Needlework samplers, employed as an educational tool and a measure of female accomplishment, make their first appearance in England in the early 16th Century. Thus, English Colonists in America must have imported the skills to keep the craft alive in their new home. However, given the rigors of daily life in those early days, time to do fancy needlework would have been extremely limited, so surviving examples of 17th Century Colonial samplers are rare, and, not surprisingly, they closely follow English models. Like the Society’s sampler made by Mary Richardson in 1765 (now on display in the Assembly Room) the earliest samplers are generally tall and narrow in proportion and worked in horizontal bands containing geometric patterns, highly stylized depictions of natural phenomena, and often an alphabet. Generally crafted by young girls, samplers were used to teach practical needlework skills as well as decorative stitchery meant to enhance the beauty of clothing and domestic linens. For many girls and their families, a completed sampler was a sign of accomplishment, proof not only of her domestic skills, but also a reflection of her refinement and suitability for marriage.
While girls stitched samplers under their mothers’ supervision, probably from the earliest years of settlement, the craft flourished mostly between about 1790 and 1830, where it was employed as an educational tool in the small, informal private schools set up in many towns to provide basic education to the young. When public school education in Massachusetts became widespread in the 1830’s, the era of sampler-making came to an end.
While the primary goal behind the sampler was to provide instruction in needle-working, at the same time it would have aided in teaching very basic literacy. From the beginning, most samplers included alphabets and numbers, a practice that continued throughout the sampler era. Many samplers were adorned only with letters and numbers arranged in horizontal bands and with no side margins. These are known as ‘marking’ samplers because they contained the stitches and lettering styles needed for crafting the identifying marks on clothing and linens (e.g. Susanna Adams; Mary S.W. Brooks, Caroline Harris Fiske). Most of these early marking samplers probably were not intended for display but meant as aides memoires for the needleworker and were therefore stored safely for consultation when needed.
By around 1720, pictorial features began to enliven girls’ samplers. One can appreciate how this might have provided additional motivation for a young girl striving for perfection as she suffered the tedium of mastering a multitude of intricate stitches. A popular early subject, which is not represented in the Society’s collection, was the Temptation in the Garden of Eden in which a naked Adam and Eve are depicted on either side of a snake-bedecked tree and surrounded by a scattering of plants and animals. The couple is represented as either having already plucked, or preparing to pluck, the forbidden fruit. The area above the scene would have followed tradition with its narrow horizontal bands containing the standard alphabets, numerals and repertoire of decorative motifs.
The samplers in the Historical Society’s collection were made primarily between 1790-1830, and they played an important role in education of girls. Before the advent of public education in the 1830’s, children were taught in small private schools in large cities and in villages. Most of these schools were ephemeral in nature and in session for only short periods—about six weeks at a time—which children would have attended for a varying number of sessions. While some samplers may have been produced at home under the supervision of a girl’s female relative, many were completed in one of these schools, typically run by a widow or an unmarried woman in the community.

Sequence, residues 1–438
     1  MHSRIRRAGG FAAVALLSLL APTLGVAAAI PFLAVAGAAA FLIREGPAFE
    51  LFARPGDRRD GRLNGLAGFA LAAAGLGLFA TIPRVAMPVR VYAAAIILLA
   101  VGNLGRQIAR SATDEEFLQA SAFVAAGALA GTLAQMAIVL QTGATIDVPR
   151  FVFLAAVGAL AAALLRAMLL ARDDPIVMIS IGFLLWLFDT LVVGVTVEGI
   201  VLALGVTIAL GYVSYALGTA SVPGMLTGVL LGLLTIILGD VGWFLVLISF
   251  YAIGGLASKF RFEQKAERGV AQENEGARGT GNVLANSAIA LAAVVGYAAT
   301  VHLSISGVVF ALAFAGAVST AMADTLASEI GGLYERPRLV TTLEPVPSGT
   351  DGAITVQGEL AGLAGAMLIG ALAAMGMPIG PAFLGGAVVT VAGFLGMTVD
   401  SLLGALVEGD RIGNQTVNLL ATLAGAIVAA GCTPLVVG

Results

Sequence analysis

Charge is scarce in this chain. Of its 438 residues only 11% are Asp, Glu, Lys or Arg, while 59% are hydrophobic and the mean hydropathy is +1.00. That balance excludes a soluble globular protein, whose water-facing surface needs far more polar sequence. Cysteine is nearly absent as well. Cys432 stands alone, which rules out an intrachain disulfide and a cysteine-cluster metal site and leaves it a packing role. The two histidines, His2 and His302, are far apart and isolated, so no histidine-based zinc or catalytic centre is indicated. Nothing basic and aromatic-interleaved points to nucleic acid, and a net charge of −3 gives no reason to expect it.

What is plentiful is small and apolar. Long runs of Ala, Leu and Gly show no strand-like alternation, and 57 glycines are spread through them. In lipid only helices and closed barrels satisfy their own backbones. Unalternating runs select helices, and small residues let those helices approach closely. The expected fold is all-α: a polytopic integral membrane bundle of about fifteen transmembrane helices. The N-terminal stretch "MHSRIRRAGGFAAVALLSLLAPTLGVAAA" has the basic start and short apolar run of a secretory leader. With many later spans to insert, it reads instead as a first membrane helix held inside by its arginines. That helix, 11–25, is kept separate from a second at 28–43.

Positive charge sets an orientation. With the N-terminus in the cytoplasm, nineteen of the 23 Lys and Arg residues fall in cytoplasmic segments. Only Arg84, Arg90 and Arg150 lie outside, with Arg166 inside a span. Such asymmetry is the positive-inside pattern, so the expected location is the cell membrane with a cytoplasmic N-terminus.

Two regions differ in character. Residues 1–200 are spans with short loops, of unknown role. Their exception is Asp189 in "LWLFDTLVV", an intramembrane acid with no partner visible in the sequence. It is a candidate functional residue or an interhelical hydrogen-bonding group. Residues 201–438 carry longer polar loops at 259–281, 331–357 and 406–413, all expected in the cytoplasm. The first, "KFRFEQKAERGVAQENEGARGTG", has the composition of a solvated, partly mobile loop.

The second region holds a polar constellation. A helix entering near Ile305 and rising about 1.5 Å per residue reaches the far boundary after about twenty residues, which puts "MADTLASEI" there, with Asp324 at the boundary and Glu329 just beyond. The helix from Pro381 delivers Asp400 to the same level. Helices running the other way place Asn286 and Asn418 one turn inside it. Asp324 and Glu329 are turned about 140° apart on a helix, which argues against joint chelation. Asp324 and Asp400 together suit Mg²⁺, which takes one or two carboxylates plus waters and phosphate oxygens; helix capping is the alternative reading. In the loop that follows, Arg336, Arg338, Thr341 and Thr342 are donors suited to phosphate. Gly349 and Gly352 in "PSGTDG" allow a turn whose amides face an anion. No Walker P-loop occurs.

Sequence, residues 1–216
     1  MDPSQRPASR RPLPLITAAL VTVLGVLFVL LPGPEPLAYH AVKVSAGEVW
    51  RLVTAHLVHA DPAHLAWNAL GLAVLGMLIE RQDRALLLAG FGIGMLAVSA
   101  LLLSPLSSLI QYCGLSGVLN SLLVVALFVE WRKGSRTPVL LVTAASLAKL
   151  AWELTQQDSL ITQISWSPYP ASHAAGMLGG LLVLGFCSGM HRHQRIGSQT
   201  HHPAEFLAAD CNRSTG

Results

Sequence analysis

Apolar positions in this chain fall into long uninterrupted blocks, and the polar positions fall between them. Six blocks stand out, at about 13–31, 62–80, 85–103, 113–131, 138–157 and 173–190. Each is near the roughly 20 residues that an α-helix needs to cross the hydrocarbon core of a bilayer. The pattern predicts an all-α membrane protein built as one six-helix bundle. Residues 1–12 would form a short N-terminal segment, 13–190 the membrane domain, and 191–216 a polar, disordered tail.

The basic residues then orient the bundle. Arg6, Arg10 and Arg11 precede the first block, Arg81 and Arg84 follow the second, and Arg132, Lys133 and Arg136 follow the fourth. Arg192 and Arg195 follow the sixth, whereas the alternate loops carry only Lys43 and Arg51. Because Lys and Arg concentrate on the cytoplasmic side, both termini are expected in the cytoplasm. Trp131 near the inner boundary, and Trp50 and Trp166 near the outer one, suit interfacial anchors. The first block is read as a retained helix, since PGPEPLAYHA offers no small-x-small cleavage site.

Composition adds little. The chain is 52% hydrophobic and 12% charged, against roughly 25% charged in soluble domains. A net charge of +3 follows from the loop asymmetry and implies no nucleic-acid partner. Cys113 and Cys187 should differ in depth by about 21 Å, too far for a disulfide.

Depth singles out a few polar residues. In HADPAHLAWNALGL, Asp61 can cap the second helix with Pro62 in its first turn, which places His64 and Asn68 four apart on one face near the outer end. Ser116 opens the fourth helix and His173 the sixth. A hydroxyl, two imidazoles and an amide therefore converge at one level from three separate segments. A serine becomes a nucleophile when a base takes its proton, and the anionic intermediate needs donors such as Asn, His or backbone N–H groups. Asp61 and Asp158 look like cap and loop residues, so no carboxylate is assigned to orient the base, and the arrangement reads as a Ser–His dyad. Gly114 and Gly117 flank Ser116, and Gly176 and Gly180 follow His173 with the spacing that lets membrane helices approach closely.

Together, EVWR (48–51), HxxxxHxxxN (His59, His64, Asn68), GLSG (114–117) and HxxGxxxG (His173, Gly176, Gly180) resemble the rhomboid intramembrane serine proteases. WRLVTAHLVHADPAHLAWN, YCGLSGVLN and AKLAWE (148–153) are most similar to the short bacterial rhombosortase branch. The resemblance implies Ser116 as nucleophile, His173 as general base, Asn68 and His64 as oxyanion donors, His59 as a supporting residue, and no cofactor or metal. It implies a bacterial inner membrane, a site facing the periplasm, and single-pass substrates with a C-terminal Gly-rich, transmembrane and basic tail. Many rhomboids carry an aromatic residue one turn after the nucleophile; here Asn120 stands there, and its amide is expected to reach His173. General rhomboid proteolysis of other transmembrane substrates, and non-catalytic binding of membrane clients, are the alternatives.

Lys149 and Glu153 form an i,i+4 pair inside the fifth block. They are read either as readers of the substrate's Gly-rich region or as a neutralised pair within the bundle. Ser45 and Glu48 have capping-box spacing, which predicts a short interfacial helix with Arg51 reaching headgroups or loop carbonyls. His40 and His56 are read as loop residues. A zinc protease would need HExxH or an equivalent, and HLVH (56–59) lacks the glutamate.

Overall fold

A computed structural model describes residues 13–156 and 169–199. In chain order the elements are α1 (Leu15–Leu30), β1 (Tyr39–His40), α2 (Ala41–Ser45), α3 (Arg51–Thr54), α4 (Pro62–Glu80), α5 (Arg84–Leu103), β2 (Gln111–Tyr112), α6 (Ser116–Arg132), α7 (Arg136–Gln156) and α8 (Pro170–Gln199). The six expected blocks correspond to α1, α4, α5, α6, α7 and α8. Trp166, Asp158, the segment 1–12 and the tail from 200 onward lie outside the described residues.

The youngest children in a New England town would have attended a ‘dame school,’ an informal gathering of children maintained by a local woman in her home or in a rented space. Instruction was focused on the acquisition of basic literacy. For older children, ages at least eight or ten, the academy provided a higher level of education. (In some regions such schools were called seminaries or institutes.) Whether single sex or coeducational, many were presided over by a female instructor and like the dame schools, were in session for only a few weeks or months at a time. Academy instruction was aimed at building on the basics, and, depending on the teacher’s preparation, might also include a smattering of classics, languages, geography, and science. It would have been mainly at such institutions that children also would have potentially pursued more specialized studies: for boys, surveying, navigation, and architectural drafting; for girls, music, dancing and needlework. Most girls, under the close guidance of the teacher, probably would have at least attempted a sampler while at an academy. The teacher would have been responsible for the design, which she might have created herself or possibly borrowed from a copybook or engraved print. Given the playfulness and charm of many samplers, it is hard to imagine that the girl did not have had a say in the choice of images. Many samplers include pious or inspirational texts, which came from literary sources provided by the teacher but chosen by the girl (Lucy Hill, Hannah Balkcom, Ann Jane Cook). The girl was always responsible for the actual stitching of the piece. The Society’s collection of samplers indicates that these children applied themselves to their task with varying degrees of commitment. Some reveal loose threads where the project was abandoned; some are a bit crude in execution. The best of course are true works of art, and one can imagine the pride of the girl and her parents when such a sampler finally was framed and displayed on the parlor wall.